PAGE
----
5. Washington Nationals, 35-23 (224 RS, 191 RA) (last week: 5)

If you want to know why we get frustrated when a Jason Heyward, Matt Moore, or any other highly touted prospect doesn’t destroy the league right away, look no further than the Nationals’ two young stars. Nineteen-year-old Bryce Harper continues to play like a 10-time All-Star, even in game-ending situations. Stephen Strasburg, with just 28 major league starts under his belt, marched into Boston and struck out 13 Red Sox, getting the Nats started on a three-game sweep at Fenway. How impressive was Strasburg’s feat? He was the youngest visiting pitcher to record 13 or more strikeouts in a game at Fenway in 94 years.

6. Atlanta Braves, 34-26 (288 RS, 257 RA) (last week: 11)

After losing eight in a row, the Braves stormed right back by winning eight of nine, including a season-high six-game winning streak. Befitting a deep team that lacks a superstar in his prime, Atlanta got contributions from every corner of the roster: Rookie Randall Delgado fired 6⅔ innings of one-run, seven-strikeout ball Wednesday, Dan Uggla walked four times in one game Friday, Craig Kimbrel made it 12 straight appearances without a run allowed (with 37 strikeouts and no homers allowed in 23 innings this year), and recent call-up Andrelton Simmons put on a daily defensive clinic. Now comes a huge three-week stretch: 12 straight games against AL East opponents (six vs. the Yankees) and an end-of-June NL East summit with the front-running Nats.

7. Chicago White Sox, 33-27 (291 RS, RS 256 RA) (last week: 6)

When it comes to innings limits, Washington’s plan to restrict Strasburg to 160 has garnered most of the attention. But what the White Sox do with their own 23-year-old ace could play as big a role in deciding a division title. Chris Sale hurled eight shutout innings Saturday, giving him the following line in his past five starts: 36⅔ IP, 19 H, 4 R, 7 BB, 43 K, 5-0, 0.98 ERA. Taking a starter that productive and shunting him to the bullpen, in any role, would usually be a colossal waste of talent. Except for one problem, in this case: With his most recent start, Sale surpassed his innings total for all of 2012. The Sox have 102 games left to play, meaning 20 more scheduled starts for Sale.

So what to do now? The team could elect to skip a Sale start here or there, but each one he misses lowers their chance of winning, and you can only skip so many before your rotation and bullpen start to become taxed. Setting a hard innings limit is also an option, though if the White Sox make the playoffs they’d surely miss having Sale take the ball against the league’s top sluggers. They could move Sale to closer (or another bullpen role) as threatened, reducing his workload and operating under the some-Sale-is-better-than-no-Sale premise. Or they could simply keep sending him out there, let him throw three times as many innings as he did in 2011, and see what happens. Put it this way: Neither Robin Ventura nor Don Cooper or anyone else in the White Sox front office … really no one except this guy is doing backflips over the pending Sale decision.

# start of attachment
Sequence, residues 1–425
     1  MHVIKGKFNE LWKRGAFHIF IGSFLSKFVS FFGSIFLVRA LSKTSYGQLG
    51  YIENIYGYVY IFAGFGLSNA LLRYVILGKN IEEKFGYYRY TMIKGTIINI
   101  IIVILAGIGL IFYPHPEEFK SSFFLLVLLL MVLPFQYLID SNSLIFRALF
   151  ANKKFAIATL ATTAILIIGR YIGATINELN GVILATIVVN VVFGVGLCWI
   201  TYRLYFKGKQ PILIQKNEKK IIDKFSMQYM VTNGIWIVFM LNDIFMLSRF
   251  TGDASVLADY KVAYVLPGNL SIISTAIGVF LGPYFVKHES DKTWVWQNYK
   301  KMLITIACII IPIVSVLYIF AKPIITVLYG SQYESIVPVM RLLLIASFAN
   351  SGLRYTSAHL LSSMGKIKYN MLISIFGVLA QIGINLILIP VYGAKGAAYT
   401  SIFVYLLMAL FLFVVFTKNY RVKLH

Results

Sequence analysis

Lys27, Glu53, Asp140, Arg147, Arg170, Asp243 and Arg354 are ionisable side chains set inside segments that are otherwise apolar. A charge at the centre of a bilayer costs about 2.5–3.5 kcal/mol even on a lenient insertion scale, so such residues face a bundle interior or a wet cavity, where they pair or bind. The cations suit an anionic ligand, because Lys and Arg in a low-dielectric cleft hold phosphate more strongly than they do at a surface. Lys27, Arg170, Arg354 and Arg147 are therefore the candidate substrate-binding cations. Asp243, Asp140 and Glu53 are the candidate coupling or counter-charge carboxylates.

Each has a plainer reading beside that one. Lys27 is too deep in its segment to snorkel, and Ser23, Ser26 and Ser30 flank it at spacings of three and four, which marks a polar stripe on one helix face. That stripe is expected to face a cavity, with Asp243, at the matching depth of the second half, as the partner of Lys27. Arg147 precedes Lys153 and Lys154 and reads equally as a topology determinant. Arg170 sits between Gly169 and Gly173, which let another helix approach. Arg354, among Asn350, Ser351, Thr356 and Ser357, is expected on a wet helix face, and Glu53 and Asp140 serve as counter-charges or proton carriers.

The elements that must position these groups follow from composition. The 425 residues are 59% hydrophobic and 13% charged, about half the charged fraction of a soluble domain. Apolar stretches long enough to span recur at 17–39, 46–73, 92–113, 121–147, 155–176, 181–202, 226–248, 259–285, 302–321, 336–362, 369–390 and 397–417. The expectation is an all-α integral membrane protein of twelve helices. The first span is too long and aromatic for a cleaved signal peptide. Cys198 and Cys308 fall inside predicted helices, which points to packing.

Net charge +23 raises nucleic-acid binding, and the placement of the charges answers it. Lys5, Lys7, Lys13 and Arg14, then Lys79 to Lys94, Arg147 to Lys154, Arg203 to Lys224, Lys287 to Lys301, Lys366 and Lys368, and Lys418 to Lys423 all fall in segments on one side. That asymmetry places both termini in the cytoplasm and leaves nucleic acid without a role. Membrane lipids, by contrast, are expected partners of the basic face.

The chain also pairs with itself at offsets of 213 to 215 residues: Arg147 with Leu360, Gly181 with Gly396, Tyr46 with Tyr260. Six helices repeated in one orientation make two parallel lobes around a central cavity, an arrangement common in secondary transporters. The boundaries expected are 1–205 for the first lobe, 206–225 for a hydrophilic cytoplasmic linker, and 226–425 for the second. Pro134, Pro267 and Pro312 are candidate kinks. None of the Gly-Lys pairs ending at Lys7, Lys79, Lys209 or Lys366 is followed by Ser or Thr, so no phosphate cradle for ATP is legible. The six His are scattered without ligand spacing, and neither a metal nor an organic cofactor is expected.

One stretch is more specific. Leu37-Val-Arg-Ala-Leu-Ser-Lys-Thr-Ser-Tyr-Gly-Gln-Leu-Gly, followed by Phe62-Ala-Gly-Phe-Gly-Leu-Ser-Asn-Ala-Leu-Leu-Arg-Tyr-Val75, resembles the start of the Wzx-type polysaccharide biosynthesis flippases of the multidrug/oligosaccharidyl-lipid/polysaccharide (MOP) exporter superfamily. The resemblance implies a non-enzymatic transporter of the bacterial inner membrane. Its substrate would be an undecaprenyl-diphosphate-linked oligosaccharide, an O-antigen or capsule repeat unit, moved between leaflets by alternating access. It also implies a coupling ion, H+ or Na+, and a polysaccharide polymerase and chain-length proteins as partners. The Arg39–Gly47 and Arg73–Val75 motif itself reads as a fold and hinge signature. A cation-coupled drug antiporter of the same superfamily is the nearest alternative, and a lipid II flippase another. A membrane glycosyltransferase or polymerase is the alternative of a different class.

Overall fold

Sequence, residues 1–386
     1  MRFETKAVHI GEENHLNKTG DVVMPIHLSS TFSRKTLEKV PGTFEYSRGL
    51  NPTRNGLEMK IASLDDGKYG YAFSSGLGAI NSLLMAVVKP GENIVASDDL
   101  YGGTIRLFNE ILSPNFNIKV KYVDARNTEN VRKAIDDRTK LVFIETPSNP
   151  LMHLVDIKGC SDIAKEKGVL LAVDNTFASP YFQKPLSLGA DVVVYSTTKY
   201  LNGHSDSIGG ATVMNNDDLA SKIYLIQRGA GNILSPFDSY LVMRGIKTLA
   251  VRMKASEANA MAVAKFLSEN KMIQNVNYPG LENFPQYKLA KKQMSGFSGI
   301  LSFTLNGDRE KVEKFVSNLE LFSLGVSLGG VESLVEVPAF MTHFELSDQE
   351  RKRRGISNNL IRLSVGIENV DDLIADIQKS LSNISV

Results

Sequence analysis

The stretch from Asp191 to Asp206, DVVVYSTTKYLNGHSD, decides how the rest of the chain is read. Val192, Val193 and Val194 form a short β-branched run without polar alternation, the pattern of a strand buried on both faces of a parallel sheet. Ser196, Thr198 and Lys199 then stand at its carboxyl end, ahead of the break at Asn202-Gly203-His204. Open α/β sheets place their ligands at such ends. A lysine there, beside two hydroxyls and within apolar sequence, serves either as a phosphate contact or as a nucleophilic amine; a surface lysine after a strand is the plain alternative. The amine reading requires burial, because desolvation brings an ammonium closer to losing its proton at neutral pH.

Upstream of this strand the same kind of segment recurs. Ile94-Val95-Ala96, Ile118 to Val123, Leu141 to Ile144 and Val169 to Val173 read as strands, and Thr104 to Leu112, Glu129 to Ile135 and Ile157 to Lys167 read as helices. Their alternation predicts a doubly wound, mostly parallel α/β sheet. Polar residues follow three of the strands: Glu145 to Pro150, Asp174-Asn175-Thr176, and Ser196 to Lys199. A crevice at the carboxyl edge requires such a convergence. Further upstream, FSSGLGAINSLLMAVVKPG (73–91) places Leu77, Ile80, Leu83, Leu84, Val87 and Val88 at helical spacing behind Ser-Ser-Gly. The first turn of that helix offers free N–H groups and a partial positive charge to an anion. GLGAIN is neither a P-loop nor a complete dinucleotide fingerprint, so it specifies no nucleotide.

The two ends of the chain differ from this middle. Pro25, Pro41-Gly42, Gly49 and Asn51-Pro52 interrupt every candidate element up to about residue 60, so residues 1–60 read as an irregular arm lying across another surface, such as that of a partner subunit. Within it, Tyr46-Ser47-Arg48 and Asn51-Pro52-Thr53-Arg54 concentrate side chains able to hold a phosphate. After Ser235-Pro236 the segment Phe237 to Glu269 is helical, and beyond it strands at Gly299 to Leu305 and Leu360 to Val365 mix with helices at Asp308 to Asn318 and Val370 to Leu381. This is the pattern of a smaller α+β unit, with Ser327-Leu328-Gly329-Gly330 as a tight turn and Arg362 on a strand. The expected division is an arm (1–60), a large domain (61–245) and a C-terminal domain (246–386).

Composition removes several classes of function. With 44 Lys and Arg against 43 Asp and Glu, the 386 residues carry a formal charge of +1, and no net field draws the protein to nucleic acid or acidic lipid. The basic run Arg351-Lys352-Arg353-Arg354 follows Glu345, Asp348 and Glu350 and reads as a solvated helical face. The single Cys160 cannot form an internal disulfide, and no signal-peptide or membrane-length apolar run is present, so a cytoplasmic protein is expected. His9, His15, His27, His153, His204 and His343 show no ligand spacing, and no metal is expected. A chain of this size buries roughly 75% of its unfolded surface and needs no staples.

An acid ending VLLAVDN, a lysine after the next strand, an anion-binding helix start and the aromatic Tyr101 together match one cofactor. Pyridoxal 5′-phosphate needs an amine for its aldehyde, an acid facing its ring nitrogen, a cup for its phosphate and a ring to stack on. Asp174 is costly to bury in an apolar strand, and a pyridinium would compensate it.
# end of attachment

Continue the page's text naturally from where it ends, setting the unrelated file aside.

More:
8. Baltimore Orioles, 34-26 (263 RS, 267 RA) (last week: 10)

A 4-2 week against the Red Sox and Phillies earns the O’s a two-notch promotion this week. Still, you see Brian Matusz last just two innings (against the loaded Red Sox offense, but still), and Jake Arrieta continuing the Veep Curse with his worst start yet (nine runs and 11 hits in four innings against a decimated Phillies offense) and you start to wonder how long Baltimore can keep living on its young starting rotation. At least there’s hope for Mark Reynolds, who slugged 37 homers last year but has just three this season; you have to figure he’ll be good for more than just hilarious strikeout montages sometime soon.

9. San Francisco Giants, 34-27 (239 RS, 234 RA) (last week: 15)